MILAN - The world’s developed countries face growth and employment shortfalls, while developing countries are confronting huge challenges in adapting to increasingly volatile capital flows while adjusting their growth patterns to sustain economic development. Yet, America’s political dysfunction has come to marginalize these (and other) crucial issues. It is all very difficult to fathom.
The threat of a default on U.S. sovereign debt has been lifted — for now — but the deeper problem persists: For America’s Republicans and Democrats, negotiating a fiscal grand compromise appears to carry higher costs than playing a game of brinkmanship, even at the risk of default. Surely this involves a collective miscalculation of the longer-term costs.
Setting aside the external impact on the global economy, the damage to domestic stability and growth from anything other than a short-term technical default would be so severe that the political system (along with both parties) could not withstand the backlash. Domestic and foreign holders of U.S. Treasury bills would regard a deliberate, unforced default as a betrayal of public trust.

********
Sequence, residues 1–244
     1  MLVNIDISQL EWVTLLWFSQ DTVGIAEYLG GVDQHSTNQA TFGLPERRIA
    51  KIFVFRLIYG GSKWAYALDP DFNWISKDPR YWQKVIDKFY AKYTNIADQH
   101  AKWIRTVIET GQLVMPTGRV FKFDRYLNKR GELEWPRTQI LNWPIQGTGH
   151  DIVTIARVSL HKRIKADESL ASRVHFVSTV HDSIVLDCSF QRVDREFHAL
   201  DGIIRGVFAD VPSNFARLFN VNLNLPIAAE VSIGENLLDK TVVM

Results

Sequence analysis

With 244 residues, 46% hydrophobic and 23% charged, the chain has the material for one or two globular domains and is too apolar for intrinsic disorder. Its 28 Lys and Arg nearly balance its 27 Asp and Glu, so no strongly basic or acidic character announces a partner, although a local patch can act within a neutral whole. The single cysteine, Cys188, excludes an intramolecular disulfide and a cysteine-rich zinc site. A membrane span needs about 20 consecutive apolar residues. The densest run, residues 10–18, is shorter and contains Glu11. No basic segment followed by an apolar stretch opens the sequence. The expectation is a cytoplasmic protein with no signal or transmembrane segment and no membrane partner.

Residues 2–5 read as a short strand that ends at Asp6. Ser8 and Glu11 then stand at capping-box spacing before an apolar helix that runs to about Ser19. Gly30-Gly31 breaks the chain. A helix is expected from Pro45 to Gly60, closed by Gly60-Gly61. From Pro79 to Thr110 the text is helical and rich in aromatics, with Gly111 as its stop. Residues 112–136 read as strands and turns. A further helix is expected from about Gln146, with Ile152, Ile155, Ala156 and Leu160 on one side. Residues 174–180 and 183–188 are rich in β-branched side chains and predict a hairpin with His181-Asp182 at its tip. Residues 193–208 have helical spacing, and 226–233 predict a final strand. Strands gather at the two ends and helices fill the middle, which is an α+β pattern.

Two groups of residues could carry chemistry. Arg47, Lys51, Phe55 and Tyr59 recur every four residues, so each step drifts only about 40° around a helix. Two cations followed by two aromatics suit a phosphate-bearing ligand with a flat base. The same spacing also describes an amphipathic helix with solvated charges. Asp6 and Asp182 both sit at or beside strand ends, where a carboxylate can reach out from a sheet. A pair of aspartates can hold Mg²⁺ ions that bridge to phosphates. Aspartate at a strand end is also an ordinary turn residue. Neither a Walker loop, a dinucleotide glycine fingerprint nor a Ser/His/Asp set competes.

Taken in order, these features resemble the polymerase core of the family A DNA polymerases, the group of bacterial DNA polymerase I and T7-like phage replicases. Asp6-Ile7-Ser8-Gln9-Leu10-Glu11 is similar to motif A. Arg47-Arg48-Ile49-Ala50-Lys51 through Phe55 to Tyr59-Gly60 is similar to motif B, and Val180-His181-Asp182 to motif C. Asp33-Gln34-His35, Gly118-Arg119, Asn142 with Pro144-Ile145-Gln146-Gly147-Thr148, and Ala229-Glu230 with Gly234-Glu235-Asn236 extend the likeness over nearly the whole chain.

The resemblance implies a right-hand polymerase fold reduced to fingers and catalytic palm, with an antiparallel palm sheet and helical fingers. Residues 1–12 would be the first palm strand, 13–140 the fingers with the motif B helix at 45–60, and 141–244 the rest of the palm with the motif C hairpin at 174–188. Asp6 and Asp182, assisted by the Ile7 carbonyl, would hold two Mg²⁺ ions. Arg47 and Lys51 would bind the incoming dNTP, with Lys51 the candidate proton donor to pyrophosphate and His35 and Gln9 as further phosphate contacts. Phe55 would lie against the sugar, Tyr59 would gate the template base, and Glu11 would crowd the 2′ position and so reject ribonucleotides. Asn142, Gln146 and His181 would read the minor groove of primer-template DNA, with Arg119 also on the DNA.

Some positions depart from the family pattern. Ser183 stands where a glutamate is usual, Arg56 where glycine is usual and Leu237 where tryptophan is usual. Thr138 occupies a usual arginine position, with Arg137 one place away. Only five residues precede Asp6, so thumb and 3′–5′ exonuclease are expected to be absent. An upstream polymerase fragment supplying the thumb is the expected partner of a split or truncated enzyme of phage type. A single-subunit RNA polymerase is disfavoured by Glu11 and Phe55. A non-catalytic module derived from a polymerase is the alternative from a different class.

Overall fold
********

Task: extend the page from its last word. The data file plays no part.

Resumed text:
Some are reassured by this fact, because it suggests that a real default will not happen. And that means that the fragile global economy, dependent (for now) on a single country for its main reserve currency, can withstand America’s political shenanigans.
That may be true, and it may be the only practical choice in the short run. But the U.S. pattern of decision making (or nondecision making) has already created additional risk. It will surely be reflected in upward pressure on interest rates, at which point the Federal Reserve will enter the picture.
Far from tapering its monthly purchases of long-term assets, one can easily imagine a scenario in which the Fed’s already substantial balance sheet would have to expand even more quickly to counter the negative economic effects of an unplanned — and rapid — rise in borrowing costs. And this comes at a time when many (including me) believe that strengthening U.S. economic growth makes an orderly withdrawal from policy-assisted growth the wise course, both domestically and internationally.